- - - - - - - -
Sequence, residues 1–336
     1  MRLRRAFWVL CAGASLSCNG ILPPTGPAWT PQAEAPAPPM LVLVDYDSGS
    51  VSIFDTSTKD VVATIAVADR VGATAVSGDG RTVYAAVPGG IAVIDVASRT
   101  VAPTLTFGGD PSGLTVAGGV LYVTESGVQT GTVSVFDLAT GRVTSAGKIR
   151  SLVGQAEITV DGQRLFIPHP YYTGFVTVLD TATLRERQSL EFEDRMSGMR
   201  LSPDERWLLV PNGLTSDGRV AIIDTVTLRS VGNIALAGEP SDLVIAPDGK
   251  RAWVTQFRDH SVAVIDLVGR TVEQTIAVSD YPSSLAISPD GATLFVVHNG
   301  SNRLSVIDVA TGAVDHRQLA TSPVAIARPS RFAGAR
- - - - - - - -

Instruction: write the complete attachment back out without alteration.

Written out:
Sequence, residues 1–336
     1  MRLRRAFWVL CAGASLSCNG ILPPTGPAWT PQAEAPAPPM LVLVDYDSGS
    51  VSIFDTSTKD VVATIAVADR VGATAVSGDG RTVYAAVPGG IAVIDVASRT
   101  VAPTLTFGGD PSGLTVAGGV LYVTESGVQT GTVSVFDLAT GRVTSAGKIR
   151  SLVGQAEITV DGQRLFIPHP YYTGFVTVLD TATLRERQSL EFEDRMSGMR
   201  LSPDERWLLV PNGLTSDGRV AIIDTVTLRS VGNIALAGEP SDLVIAPDGK
   251  RAWVTQFRDH SVAVIDLVGR TVEQTIAVSD YPSSLAISPD GATLFVVHNG
   301  SNRLSVIDVA TGAVDHRQLA TSPVAIARPS RFAGAR